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Lung India Official publication of Indian Chest Society  
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Year : 2014  |  Volume : 31  |  Issue : 4  |  Page : 431  

Author's reply

1 Department of Internal Medicine, University of Uyo, Uyo, AkwaIbom, Nigeria
2 Department of Medicine, University of Calabar, Calabar, Nigeria

Date of Web Publication1-Oct-2014

Correspondence Address:
Victor Aniedi Umoh
Department of Internal Medicine, University of Uyo, Uyo, AkwaIbom
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Source of Support: None, Conflict of Interest: None

PMID: 25378866

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How to cite this article:
Umoh VA, Petersa E. Author's reply. Lung India 2014;31:431

How to cite this URL:
Umoh VA, Petersa E. Author's reply. Lung India [serial online] 2014 [cited 2019 Nov 11];31:431. Available from: http://www.lungindia.com/text.asp?2014/31/4/431/142108


This is a response to the queries raised in a Letter to the Editor [1] concerning the article titled, 'The relationship between lung function and indoor air pollution among rural women in the Niger Delta region of Nigeria.' The authors of the letter raised four issues: (1) There are other publications [1],[2] by Umoh et al., focusing on the problem of chronic bronchitis in the same community and same period in the Niger delta; (2) Umoh et al. mentioned no further relationship between exposure to smoke and anxiety; [2] (3) there is a discrepancy in the number of patients with chronic bronchitis in the two reports; [1],[2] and (4) whether there is any other pollution in this area in addition to fish smoking.

  • The studies were carried out at about the same time, within the same community, by the same investigators. Therefore, the three reports came from the same population. In the article referenced as 1, [2] a sample of both males and females were used, while the other two involved only the female population. The index report focused on lung function and exposure. The article referenced as 1 [2] focused on respiratory symptoms, while the article referenced as 2 [3] focused on the psychological consequences of indoor air pollution.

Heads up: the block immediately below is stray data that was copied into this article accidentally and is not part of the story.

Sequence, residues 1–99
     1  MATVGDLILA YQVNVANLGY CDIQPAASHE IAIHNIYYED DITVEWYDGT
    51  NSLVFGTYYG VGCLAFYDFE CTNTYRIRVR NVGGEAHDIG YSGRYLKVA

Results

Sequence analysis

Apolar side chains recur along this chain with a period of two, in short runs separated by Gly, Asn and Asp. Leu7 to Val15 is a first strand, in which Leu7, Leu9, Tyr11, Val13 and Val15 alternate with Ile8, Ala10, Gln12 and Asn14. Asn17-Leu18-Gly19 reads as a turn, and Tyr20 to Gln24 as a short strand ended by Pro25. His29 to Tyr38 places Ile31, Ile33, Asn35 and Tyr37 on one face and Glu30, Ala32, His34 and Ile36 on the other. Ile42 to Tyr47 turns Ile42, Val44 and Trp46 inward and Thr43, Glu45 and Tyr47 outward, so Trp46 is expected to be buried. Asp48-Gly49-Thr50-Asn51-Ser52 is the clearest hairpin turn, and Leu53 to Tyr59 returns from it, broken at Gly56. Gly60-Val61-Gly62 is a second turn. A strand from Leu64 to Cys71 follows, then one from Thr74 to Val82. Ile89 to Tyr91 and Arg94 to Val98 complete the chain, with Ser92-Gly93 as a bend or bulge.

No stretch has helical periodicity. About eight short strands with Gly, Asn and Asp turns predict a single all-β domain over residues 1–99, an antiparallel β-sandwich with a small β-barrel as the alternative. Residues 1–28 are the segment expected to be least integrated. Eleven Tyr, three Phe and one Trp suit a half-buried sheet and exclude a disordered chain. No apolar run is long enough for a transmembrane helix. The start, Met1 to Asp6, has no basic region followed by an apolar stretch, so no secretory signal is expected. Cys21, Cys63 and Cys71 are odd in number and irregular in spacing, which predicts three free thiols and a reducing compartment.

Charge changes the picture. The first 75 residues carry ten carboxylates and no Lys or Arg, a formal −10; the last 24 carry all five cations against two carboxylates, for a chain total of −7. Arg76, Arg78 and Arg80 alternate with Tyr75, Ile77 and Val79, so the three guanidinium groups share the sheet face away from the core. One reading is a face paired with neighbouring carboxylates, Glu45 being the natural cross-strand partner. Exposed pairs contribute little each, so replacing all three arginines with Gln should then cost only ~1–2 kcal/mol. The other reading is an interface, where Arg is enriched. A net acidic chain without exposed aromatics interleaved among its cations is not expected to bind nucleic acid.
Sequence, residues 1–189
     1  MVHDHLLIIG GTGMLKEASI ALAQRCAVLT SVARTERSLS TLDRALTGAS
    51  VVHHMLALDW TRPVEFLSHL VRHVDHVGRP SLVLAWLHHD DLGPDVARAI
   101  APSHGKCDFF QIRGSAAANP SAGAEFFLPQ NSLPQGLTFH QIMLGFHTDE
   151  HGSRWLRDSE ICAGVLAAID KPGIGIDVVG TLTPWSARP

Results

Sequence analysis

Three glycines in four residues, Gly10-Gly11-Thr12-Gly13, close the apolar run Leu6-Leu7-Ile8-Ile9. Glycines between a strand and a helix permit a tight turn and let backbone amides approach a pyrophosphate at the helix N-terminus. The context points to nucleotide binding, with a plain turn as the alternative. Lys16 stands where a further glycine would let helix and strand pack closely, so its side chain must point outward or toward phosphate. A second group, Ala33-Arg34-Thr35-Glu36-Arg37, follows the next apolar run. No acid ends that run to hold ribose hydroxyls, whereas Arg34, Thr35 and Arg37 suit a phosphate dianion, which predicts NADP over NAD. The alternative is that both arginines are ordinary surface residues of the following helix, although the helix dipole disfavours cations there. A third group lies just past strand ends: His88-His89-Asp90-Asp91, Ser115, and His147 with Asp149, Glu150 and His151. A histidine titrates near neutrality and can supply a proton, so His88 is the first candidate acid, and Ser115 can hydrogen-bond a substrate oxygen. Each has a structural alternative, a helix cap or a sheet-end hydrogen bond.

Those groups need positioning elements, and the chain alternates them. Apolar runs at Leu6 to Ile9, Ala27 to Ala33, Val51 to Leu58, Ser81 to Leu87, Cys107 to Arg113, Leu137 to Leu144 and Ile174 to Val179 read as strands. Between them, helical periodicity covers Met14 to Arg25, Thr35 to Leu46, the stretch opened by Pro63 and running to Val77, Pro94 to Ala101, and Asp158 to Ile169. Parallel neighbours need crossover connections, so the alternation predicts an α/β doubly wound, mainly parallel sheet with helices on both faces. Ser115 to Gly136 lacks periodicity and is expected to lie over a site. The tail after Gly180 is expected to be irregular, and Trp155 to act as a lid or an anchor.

• In the article referenced as 2 [3] the authors did mention the relationship between exposure and anxiety in the results section, as well as in the discussion.
  • Although the reports came from the same population there were slight differences in the samples. The psychiatrists were not satisfied with some responses and those were removed from the analysis and more subjects were subsequently recruited to make up the numbers. [2],[3]
  • The study area is a fishing settlement in the Niger delta region of Nigeria. This report evaluated the relationship between biomass smoke and lung function. Other sources of indoor air pollution were not recorded and the authors assumed that the influence of these would not be selective. The only other possible source of outdoor air pollution would have come from gas flaring during crude oil exploration. Although crude oil exploration occurred in the Niger Delta area of Nigeria, the exact locations of these oil wells were far from the study area, thus the authors did not consider that as a factor. Moreover, as the effects of such pollution would not be selective it was unlikely to introduce any bias in the analysis.

   References Top

1.Yasri S, Wiwanikit V. Relationshipd between lung function and indoor pollution. Lung India.  Back to cited text no. 1
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2.Umoh V, Peters E, Erhabor G, Ekpe E, Ibok A. Indoor air pollution and respiratory symptoms among fishermen in the Niger delta of Nigeria. Afr J Respir Med 2013;9:17-21.  Back to cited text no. 2
3.Umoh VA, Ibok A, Edet B, Essien E, AbasiubongF. Psychological distress in women with chronic bronchitis in a fishing community in the Niger delta region of Nigeria. Int J Fam Med 2013;2013:526463.  Back to cited text no. 3


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